Around 3 inches of rain fell on the Bloomington area starting around 10:45 through half past midnight on June 19.
The thunderstorm knocked out power for around 6,000 Duke Energy customers, including a swatch of 1,500 customers east of the downtown square. The initial estimated time for restoration of power indicated on Duke’s outage map was 5 a.m.
The heavy rains that came with the wind and lightning caused street flooding in several areas, including East Kirkwood from Dunn to Grant. A car could be seen stuck on Grant Street in the block south of Kirkwood, swamped by the water flowing south.
The resolution on the council’s Wednesday agenda would also ask the city engineer to issue another temporary order to allow for the continued use of pick-up-drop off (PUDO) zones and “parklets” through Oct. 31. Parklets are the metered parking spots blocked off with orange water-filled traffic barriers to allow for additional outdoor restaurant seating.
The PUDO zones, as well as restaurant seating in the street and in parklets, were conceived as a way to help the business community recover from the COVID-19 pandemic.
No fees are currently being charged to business owners for parklets, PUDO zones, or Kirkwood seating, director of economic and sustainability Alex Crowley confirmed to The Square Beacon in an email last week.
Crowley’s confirmation that no fees are being charged came with a caveat: “For now.”
How the private use of the public right-of-way is regulated is fundamental to the policy question to be considered by the city council this week.
Mid-afternoon on Saturday, I had a choice to make. But let’s not bury the lede with a bunch of boring background.
Shortly after making the right choice, I was listening to two verses of Blaze Foley’s “Clay Pigeons.”
The performance was by street buskers under the canopy of the Buskirk-Chumley Theater in downtown Bloomington. Janan Alexandra (violin) and Logan Carithers (guitar) are The Sweet May Dews.
The pair gave me a solemn promise that they would learn the rest of the song. (This could be fairly described as an overstatement, or exaggeration, editorial license, or outright lie. It reflects mostly my hope, instead of anything that Alexandra and Carithers might have actually said.)
This past weekend could have marked the final chance for restaurant patrons to enjoy a meal straddling the double-yellow roadway markings on Kirkwood Avenue. It’s been an option since mid-June, and was set to expire on Sept. 30.
But Bloomington’s city council acted on Wednesday to extend through the end of the year the authorization for the periodic closing of sections of Kirkwood Avenue to automobile traffic. The same action allowed for expanded merchandizing and seating in the public right of way.
The resolution, approved unanimously by the city council on Wednesday, also extended the easing of sign regulations for downtown businesses, and the simplification of procedures for obtaining a sign permit.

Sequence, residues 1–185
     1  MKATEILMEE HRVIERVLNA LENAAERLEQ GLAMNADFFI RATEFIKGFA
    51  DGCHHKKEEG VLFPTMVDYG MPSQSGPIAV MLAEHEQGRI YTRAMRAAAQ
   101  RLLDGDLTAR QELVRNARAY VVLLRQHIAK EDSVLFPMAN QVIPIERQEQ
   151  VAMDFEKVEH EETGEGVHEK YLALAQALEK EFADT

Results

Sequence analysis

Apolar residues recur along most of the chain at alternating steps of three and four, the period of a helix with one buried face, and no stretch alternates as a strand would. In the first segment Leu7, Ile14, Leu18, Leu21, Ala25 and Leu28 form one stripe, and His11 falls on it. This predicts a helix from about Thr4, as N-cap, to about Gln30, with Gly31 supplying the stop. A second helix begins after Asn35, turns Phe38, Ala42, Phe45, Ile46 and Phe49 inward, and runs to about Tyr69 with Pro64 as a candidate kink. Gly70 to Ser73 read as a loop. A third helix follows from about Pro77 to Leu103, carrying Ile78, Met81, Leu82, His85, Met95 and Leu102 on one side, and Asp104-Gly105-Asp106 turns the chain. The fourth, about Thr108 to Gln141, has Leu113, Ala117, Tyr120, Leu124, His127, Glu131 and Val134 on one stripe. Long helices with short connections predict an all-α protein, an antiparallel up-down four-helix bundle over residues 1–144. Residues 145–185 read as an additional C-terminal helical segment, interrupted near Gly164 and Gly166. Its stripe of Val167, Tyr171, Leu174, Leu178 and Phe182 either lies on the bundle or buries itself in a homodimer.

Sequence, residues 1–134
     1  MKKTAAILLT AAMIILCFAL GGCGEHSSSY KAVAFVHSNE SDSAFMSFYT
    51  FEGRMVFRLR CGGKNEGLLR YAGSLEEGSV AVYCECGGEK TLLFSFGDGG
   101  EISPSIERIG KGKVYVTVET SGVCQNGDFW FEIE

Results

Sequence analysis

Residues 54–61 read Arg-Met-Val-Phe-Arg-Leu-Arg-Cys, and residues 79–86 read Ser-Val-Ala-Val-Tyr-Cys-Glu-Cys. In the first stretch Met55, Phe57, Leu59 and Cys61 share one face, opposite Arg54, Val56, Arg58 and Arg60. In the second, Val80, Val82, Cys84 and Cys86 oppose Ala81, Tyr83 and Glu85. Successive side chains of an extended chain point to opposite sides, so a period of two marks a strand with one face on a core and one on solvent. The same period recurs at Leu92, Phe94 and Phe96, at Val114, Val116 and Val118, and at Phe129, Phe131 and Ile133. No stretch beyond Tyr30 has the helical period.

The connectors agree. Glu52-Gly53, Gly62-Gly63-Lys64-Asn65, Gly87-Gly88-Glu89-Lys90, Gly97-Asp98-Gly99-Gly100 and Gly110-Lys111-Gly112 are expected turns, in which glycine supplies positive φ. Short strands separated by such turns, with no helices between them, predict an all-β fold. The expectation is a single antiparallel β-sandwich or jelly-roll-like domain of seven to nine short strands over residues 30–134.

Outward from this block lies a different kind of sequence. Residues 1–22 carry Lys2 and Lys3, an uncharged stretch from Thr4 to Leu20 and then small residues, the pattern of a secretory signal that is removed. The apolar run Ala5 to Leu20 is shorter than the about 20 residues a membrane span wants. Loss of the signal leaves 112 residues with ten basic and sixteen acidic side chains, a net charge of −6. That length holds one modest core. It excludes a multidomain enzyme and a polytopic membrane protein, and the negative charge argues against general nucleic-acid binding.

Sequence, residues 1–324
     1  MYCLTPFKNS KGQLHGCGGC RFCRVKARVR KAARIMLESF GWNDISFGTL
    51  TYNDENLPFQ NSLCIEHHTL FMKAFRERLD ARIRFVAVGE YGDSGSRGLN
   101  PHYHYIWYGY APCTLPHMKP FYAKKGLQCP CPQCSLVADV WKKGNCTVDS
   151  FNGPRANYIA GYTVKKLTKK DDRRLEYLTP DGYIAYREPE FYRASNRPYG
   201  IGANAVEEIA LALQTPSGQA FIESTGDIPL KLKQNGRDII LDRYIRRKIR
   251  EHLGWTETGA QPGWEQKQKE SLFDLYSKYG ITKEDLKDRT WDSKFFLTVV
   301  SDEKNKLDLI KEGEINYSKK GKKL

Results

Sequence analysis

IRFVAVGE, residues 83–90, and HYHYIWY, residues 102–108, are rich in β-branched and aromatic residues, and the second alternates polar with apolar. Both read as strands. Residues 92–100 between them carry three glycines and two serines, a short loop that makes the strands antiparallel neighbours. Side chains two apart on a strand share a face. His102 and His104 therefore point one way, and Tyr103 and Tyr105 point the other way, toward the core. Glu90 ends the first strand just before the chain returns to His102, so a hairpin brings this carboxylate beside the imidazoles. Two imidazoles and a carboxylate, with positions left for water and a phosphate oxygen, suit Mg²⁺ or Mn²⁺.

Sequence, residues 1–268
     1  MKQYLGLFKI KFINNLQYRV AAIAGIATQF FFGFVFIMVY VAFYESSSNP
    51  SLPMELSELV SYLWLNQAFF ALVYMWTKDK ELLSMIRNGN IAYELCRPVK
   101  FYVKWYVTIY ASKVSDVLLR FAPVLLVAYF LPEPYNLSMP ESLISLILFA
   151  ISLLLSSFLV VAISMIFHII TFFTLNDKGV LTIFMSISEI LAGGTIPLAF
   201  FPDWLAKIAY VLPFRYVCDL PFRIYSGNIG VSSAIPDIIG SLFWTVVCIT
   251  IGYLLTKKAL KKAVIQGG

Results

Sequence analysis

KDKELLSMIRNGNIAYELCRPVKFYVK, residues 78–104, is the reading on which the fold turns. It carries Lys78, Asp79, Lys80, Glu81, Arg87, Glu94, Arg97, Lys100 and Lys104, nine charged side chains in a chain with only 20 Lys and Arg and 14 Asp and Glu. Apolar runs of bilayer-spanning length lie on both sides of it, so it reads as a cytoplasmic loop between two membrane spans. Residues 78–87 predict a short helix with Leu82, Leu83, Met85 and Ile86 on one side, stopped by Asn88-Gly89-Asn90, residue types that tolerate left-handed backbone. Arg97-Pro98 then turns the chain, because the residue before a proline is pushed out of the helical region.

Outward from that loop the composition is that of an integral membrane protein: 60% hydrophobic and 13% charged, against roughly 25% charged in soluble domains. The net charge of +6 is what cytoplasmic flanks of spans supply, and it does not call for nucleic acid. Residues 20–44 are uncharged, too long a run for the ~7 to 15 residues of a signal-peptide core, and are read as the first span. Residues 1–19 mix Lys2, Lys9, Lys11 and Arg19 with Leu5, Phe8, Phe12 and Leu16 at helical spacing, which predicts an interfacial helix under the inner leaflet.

The council’s initial action in June came at the request of the city’s economic and sustainable development department, as way to help restaurants recover from the impact of the COVID-19 pandemic, even as the pandemic continues. The same logic applied to the extension.
Expanded outdoor seating allows restaurants to draw business from patrons who would not choose to eat at a restaurant at all, if it meant dining indoors.
At least through Sept. 30, patrons of some restaurants in downtown Bloomington will be able to feed themselves at tables set up the street, in spaces where drivers normally feed a meter to park their cars.
Called “parklets,” they’re one of a few different approaches the city is taking to help restaurants recover from the impact of the COVID-19 pandemic. Indiana governor Eric Holcomb’s current 4.5 order leaves in place a restriction on restaurants preventing them from operating at any greater than 75-percent capacity.
On Saturday afternoon in downtown Bloomington, a blocked-off Kirkwood Avenue offered enough car-free asphalt for the Indiana University Student Foundation to run 54 heats of cyclists down a 200-meter course.
Kaethe Schroeder (SKI) and Robert Strobel (Black Key Bulls) prevailed in the finals of the women’s and men’s divisions, respectively. The Street Sprints are part of the fall cycling series tied to the Little 500 bicycle race held in the spring.
The first rounds of the Street Sprints included 24 heats, which winnowed the men and women’s fields from 167 total cyclists down to 32—16 men and 16 women. The remaining rounds were two-up sprints—only the winner advanced.
According to race director Andrea Balzano, this fall marked the ninth year of Street Sprints. For the first two years the event was held on North Jordan Avenue, but since 2013, it’s been held on Kirkwood.
Kirkwood, of course, is an avenue that’s storied not just in song (“Tonight, I’m gonna see my baby again, we’re gonna go walkin’ down Kirkwood, look at us go”) but in Bloomington’s public works budget presentations this year (“Pavement maintenance project for East Kirkwood Avenue…Delayed due to high contracting costs”).